Sean believes that “understanding food helps us understand people who may be different from us.” This has indeed been his own experience, first of mastering European cooking, then reclaiming his family’s own dormant Oglala Lakota food traditions, and then finding power in inviting more people to return to and revive North American food traditions. Through this journey, Sean discovered that exploring Native foods is the most accessible and inviting way for Americans of all backgrounds to enter this different story in a different way. “It has given me—and can give all of us—a deeper understanding of the land we stand on.” And of its history.
Sean has personally experienced this transformation as a chef promoting pre-contact indigenous cuisine. He’s run a catering business called “The Sioux Chef” and a popular food truck and authored a cookbook that won a James Beard Award. And through this his vision expanded – to ensure that more indigenous chefs, botanists, farmers, hunters, and seed savers transform and restore the tribal communities. To this end, he launched NATIFS (North American Traditional Indigenous Food Systems) to ensure indigenous people and tribal communities across North America can develop satellite indigenous kitchens and make healthy, enlivening indigenous foods accessible in their own home communities, while also engaging the wider American public in conversations about history and culture over food.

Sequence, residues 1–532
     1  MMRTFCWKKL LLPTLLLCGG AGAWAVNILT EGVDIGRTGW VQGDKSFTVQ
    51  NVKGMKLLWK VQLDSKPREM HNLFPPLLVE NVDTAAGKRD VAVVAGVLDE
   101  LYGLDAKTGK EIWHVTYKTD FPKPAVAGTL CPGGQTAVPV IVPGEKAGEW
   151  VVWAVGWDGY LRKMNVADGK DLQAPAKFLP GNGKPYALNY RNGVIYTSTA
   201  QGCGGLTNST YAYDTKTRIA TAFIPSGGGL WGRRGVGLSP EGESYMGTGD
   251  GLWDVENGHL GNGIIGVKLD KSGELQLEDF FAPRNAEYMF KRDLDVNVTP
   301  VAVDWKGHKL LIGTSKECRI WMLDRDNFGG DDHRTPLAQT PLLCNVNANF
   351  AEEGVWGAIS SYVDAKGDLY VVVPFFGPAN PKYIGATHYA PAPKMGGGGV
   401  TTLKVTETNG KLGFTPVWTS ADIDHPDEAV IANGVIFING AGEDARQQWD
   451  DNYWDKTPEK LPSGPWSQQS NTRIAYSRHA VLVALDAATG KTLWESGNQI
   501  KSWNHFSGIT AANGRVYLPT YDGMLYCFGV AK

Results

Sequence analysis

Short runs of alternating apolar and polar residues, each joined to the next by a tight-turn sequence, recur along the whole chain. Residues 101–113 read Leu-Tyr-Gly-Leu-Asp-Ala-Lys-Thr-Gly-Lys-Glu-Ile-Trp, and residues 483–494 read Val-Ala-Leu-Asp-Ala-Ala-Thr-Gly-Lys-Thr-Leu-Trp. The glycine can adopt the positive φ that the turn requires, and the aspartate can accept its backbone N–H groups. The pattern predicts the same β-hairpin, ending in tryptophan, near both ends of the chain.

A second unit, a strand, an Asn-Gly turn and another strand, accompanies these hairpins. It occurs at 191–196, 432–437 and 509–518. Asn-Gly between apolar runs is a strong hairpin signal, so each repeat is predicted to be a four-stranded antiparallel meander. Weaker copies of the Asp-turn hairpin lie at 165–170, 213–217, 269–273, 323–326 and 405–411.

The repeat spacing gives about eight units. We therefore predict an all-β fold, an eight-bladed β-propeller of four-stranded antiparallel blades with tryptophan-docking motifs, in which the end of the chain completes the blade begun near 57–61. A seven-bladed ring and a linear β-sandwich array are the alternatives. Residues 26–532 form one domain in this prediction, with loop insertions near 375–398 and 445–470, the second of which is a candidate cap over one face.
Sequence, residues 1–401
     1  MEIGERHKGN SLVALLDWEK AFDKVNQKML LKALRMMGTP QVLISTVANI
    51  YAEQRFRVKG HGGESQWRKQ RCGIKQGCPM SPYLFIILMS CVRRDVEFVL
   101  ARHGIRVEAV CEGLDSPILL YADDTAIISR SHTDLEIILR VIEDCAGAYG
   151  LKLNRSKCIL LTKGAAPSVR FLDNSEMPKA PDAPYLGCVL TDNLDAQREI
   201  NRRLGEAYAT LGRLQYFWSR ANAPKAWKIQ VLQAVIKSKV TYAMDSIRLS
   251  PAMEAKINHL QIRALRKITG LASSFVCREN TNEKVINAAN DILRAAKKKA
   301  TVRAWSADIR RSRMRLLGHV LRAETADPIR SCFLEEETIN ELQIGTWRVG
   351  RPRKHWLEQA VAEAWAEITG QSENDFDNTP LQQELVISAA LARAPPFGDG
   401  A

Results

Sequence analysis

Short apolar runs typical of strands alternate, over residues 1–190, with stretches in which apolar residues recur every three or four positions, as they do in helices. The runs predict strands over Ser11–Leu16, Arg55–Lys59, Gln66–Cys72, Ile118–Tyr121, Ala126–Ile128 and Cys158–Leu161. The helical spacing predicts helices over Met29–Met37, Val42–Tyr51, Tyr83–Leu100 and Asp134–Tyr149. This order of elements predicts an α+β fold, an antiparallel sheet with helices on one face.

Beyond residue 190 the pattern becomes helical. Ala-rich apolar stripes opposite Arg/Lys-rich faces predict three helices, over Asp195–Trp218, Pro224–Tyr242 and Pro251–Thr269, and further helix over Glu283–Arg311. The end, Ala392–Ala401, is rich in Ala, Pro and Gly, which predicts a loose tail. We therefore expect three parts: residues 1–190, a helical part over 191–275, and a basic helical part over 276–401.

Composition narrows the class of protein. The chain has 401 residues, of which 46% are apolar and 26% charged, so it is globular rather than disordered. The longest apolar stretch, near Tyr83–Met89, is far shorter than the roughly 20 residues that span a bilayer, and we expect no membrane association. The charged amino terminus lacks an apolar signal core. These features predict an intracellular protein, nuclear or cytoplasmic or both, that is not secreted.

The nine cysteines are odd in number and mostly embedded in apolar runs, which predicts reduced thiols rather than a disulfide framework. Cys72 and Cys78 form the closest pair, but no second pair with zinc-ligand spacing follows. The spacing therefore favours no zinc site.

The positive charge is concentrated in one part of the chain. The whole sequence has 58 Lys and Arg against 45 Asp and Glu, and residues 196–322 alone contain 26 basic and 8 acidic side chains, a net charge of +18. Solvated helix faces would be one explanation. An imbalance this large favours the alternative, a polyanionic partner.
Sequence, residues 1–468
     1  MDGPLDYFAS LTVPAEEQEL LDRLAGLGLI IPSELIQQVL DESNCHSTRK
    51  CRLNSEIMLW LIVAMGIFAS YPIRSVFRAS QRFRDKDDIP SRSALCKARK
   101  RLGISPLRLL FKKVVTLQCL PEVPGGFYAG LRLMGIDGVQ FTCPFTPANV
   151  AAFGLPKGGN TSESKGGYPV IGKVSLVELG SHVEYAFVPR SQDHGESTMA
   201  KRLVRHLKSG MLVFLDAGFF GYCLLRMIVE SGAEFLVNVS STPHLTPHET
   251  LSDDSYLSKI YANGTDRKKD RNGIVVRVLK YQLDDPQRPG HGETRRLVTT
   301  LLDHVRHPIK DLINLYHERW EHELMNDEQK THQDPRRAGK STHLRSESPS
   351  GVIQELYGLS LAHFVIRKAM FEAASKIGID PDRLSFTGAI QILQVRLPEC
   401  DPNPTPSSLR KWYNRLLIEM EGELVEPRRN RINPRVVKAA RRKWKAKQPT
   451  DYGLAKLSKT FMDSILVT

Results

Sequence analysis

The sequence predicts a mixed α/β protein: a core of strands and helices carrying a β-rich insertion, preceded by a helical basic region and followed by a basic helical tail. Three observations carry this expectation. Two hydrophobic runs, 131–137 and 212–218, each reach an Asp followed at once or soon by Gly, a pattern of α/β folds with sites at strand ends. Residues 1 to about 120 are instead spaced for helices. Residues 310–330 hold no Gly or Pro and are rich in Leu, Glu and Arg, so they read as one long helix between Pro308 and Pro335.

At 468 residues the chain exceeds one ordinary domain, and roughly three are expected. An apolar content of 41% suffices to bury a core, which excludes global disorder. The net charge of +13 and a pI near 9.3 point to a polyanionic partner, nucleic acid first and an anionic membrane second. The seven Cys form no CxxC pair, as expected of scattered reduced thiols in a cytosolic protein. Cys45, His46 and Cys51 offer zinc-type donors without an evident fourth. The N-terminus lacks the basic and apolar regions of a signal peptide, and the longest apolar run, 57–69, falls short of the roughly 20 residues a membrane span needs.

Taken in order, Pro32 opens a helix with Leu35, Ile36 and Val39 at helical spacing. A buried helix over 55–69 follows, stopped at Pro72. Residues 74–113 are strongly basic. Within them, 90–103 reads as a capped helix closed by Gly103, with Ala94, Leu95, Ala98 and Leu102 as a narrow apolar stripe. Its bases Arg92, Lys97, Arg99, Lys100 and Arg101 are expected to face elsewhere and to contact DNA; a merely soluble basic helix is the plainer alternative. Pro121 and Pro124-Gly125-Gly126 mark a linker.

At the core of NATIFS’ current efforts is The Indigenous Food Lab. It is a professional kitchen and training center for Indigenous food research, education, preparation, and service. According to Sean, “the lab shares ancestral wisdom and skills such as plant identification, gathering, cultivation and preparation of Indigenous ingredients” with the goal of eventually replicating this model across North America, “as a way to empower Indigenous food businesses, because we believe that food is at the heart of cultural reclamation.”
The Indigenous Food Lab’s physical space in Minneapolis, MN, includes a working community kitchen staffed by apprenticing chefs from tribal communities from the Twin Cities and across the region. This kitchen produces hundreds of meals a day and is a significant buyer of ingredients from indigenous producers. Their on-site market plus growing numbers of chefs and home-cooks only drives more demand for Native growers producing heirloom beans, squash and pumpkins, and Native corn varieties and sourcing things like morels, ramps, wild ginger, chokecherries, crab apples, maple, wild rice, and cedar. And last but certainly not least, in 2022 NATIFS launched Owamni, the flagship Indigenous restaurant on the banks of the Mississippi River in Minneapolis that became the winner of that year’s James Beard Award for Best New Restaurant in the United States.
For tribal communities that have become very successful through legalized gambling and other enterprises, NATIFS focuses on culinary programming, training, and education to help them transform their menus and culinary offerings, for guests and their workforces alike. Here Sean points out that, “tribes have the unique opportunity to design their own rules on where food comes from and we can help with that, but it’s an educational issue and these tribes with so much financial resources are great role models for truly implementing these programs."